Due to the rapid spread of the coronavirus pandemic (COVID -19) many countries have restricted travel or closed their borders. This, of course, will affect many foreign nationals who are currently in the U.S. on nonimmigrant visas such as visitor visas, business visas, and employment-based visas.
Upon entrance into the U.S., all foreign nationals are given a specific period of time to stay in the U. S. If a foreign national remains in the U.S. past their period of lawful stay, they are considered to be out of status or an overstay. With flights being canceled and restrictions on travel, many foreign nationals are trying to figure out how to extend and maintain their legal status in the U. S.
Although we are in unprecedented times, foreign nationals still must follow all rules associated with their visa status. In most cases, the foreign national can file a request for an extension of their status with USCIS. However, USCIS must receive the application before the status expires. If the foreign national files before the period of a lawful stay expire, they are protected while USCIS makes a decision. On average, USCIS makes a decision on a request between 4 to 6 months. But the foreign national does not have to wait in the U.S. for USCIS to make a decision on their case if the situation that precipitated the request changes, i.e. borders open and flights lessen restrictions. The foreign national can return to their home country when the situation permits. However, the key to maintaining status is to file the request before lawful status expires.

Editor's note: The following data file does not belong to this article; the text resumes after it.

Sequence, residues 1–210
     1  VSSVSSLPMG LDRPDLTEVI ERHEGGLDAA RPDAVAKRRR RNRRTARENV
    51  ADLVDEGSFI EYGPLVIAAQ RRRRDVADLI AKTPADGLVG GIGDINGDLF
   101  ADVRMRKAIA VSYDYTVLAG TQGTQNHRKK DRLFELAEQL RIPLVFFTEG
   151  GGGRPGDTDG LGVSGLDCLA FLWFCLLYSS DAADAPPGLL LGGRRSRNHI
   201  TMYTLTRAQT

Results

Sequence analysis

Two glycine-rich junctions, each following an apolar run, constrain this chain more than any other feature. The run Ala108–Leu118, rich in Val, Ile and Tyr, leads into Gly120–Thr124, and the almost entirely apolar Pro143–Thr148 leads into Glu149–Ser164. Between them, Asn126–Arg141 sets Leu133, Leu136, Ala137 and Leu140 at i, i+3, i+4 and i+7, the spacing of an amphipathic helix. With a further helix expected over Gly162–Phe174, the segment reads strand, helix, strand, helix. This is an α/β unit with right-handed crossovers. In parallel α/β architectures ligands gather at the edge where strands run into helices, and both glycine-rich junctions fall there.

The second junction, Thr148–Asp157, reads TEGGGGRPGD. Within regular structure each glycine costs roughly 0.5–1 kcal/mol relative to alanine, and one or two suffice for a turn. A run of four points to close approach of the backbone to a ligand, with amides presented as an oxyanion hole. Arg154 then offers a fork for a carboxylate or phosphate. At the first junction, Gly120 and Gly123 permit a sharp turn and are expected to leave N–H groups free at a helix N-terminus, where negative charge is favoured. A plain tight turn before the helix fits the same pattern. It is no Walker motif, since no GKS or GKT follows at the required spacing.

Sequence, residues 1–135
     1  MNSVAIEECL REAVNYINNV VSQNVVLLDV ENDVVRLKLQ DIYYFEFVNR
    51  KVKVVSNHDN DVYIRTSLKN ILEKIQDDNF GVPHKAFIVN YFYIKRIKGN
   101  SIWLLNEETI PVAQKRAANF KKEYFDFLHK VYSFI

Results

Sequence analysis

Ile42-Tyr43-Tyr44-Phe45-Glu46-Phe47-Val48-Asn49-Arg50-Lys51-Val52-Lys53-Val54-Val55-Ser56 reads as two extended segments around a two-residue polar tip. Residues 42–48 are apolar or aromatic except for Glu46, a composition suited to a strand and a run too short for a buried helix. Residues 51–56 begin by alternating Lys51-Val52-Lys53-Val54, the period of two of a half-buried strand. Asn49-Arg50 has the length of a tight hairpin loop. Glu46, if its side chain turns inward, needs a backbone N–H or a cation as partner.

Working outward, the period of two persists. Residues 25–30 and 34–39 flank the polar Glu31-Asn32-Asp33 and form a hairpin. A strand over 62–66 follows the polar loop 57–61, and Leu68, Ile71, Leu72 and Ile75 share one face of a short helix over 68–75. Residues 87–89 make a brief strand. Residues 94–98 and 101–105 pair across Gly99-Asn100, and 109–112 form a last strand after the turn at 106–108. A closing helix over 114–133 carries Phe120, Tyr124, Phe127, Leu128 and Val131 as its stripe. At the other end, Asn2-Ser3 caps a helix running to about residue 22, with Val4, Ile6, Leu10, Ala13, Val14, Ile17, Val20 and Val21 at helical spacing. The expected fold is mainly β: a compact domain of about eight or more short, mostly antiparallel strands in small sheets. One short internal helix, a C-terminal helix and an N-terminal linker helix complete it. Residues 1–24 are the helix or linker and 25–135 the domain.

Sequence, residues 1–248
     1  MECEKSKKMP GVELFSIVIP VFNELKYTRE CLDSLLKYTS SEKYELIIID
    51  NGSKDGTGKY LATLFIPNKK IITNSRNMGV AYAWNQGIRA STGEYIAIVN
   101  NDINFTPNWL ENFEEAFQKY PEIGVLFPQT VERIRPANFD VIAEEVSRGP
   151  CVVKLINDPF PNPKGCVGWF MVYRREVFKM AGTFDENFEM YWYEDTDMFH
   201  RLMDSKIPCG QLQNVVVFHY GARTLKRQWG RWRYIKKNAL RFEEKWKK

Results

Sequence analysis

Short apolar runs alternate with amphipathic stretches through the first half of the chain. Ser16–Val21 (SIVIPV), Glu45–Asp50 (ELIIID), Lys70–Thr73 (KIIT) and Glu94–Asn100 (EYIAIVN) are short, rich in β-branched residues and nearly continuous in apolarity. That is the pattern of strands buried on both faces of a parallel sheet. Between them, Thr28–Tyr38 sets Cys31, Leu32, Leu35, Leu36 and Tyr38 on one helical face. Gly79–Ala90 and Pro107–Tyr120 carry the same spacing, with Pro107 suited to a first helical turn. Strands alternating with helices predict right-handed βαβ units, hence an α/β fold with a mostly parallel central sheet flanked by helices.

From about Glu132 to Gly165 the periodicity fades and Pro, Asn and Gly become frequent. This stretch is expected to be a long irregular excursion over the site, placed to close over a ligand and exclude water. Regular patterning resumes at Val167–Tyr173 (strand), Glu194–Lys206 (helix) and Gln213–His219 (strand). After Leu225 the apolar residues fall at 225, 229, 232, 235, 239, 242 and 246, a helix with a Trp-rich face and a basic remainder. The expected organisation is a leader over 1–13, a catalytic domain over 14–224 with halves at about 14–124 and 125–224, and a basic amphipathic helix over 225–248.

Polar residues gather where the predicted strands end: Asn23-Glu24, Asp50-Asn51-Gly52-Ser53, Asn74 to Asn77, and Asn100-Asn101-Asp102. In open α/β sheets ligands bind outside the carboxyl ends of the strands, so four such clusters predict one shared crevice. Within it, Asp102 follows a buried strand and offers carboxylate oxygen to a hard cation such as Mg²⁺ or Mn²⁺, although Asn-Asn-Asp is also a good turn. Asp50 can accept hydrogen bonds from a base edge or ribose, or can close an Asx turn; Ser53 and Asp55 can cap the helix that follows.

For other nonimmigrant visas such as employment-based visas, the foreign national’s employer must file a new petition with USCIS to extend legal status. But some employment-based visa has a limit on the number of years that a foreign national can be on that type of visa. And if that foreign national has reached the limit on the number of years allowed, they cannot file extension. However, they may be able to file for a change status to another type of visa to maintain legal status.
If the foreign national fails to file an extension or change status before their legal status expires, USCIS may still except the request and excuse the delay if there were extreme circumstances beyond the foreign national’s control that prevented them from filing on time. Accordingly, USCIS states that they may excuse the delay in filing (on a case by case basis) if the delay was for what they term “Special Situations” such as natural catastrophe or other extreme situations.
Response to the coronavirus pandemic seems to be changing daily. USCIS along with other government agencies are updating their procedures. If you find yourself in of the above discussed situations, please contact an immigration attorney immediately. The immigration attorneys at Portner and Shure keep up to date on the changing immigration procedures and are available to advise through this situation. Contact our office now.